Thanks to a brief profile in Wired last month, I’ve been mesmerised by the ‘hyperphotos’ of French photographic artist Jean-Francois Rauzier. It is definitely worth spending some time exploring his worlds. And they are worlds – each image is deceptively simple but like all great art, draws you in with a summons to contemplate and wonder.
We’re used to images with great cinematic scale – in fact, a recent article in Tate Etc about the upcoming exhibition of John Martin’s work shows how his huge paintings of (often biblical) apocalyptic scenes have been profoundly influential on Hollywood, especially in science fiction. And looking at John Martin’s paintings, it’s not hard to see why. They dazzled in their day (although were scorned by the art cognoscenti) as scenes from Independence Day, Star Wars or Avatar might today. Here is his Belshazzar’s Feast:
And yet how quickly we become blasé about what has been achieved. It takes a lot to impress these days, after the advent of digital cameras, photoshop and special FX. And yet I couldn’t help be impressed by Rauzier. The range of his portfolio is spectacular. But most of all, one has the chance to explore great scale and great detail. On movies, you know that something that looks infinitely big is only a scale model with scaffolding behind and a rough edge just off camera (e.g. the Death Star tractor beam control-room entered by Obi Wan Kenobi in Star Wars). The camera captures the illusion of space and depth. We can only explore where the camera points. And the details cannot stand up to scrutiny.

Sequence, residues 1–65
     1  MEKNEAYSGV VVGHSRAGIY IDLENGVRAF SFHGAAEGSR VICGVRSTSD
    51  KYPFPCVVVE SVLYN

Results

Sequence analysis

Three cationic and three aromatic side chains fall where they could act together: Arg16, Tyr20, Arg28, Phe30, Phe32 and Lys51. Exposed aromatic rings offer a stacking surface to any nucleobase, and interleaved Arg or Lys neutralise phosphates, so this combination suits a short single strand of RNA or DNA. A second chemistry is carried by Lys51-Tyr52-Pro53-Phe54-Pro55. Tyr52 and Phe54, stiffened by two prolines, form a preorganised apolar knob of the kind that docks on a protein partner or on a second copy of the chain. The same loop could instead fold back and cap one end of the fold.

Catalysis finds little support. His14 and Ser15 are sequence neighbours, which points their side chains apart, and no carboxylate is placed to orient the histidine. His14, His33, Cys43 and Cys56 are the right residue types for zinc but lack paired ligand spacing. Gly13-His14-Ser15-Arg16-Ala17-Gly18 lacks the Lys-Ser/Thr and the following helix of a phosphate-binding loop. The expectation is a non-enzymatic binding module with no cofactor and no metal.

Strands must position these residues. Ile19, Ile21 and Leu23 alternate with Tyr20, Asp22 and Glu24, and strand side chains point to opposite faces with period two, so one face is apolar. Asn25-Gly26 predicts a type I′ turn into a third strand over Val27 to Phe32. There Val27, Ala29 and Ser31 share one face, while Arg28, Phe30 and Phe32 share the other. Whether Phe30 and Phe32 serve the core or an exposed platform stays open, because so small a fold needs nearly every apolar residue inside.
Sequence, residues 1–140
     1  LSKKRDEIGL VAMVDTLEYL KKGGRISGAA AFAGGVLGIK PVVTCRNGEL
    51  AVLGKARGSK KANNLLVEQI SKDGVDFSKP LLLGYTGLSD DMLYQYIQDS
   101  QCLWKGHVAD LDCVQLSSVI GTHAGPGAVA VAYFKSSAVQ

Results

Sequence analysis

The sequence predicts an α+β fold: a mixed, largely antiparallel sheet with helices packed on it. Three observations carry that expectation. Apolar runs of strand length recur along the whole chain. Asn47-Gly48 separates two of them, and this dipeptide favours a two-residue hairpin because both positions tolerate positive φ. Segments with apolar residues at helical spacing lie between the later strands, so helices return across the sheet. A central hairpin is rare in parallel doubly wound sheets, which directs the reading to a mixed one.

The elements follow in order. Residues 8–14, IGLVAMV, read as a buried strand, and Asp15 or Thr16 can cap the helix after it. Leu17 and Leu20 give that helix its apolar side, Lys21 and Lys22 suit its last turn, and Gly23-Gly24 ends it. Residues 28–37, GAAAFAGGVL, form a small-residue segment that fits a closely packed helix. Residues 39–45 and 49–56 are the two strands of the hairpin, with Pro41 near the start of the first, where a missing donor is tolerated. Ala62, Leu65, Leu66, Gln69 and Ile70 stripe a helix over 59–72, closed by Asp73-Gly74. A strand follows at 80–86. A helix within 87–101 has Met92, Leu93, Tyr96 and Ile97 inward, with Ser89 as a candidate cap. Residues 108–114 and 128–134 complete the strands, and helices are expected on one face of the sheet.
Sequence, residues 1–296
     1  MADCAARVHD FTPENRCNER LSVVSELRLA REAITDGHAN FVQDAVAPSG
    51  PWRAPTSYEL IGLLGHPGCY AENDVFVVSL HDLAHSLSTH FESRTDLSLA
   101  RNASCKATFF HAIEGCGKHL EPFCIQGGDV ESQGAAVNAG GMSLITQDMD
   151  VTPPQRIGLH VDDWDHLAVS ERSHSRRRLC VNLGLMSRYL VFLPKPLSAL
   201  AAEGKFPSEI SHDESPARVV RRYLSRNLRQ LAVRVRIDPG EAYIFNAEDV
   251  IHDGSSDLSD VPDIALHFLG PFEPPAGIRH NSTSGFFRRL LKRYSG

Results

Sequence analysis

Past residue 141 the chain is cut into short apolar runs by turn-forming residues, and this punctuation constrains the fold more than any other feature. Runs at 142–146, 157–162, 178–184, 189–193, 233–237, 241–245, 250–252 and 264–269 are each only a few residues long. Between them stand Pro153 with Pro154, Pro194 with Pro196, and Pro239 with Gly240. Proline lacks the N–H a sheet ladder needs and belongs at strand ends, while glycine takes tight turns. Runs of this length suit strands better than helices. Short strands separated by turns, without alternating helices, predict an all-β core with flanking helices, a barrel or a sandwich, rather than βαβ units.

But in these images, while static, confined and equally illusory, we are presented with incredible depth and a beckoning to explore. They all tell different stories. Particularly interesting is the sequence called Babels (how interesting that ancient Tower still provokes – see previous post) or the sinister scenes entitled Sleeping Beauties (disturbing because of the other figures who observe and perhaps imprison the beauties in these usually sumptuous settings).
But I particularly loved the architectural fantasies and ‘ideal libraries‘. It’s a bit like a dreamlike (or traumatic) Where’s Wally with cameras. But better. Far better! And all kinds of funny people seem to pop up in them. Including Damien Hirst and Rauzier himself…
Here’s a selection, interspersed with some of Martin’s paintings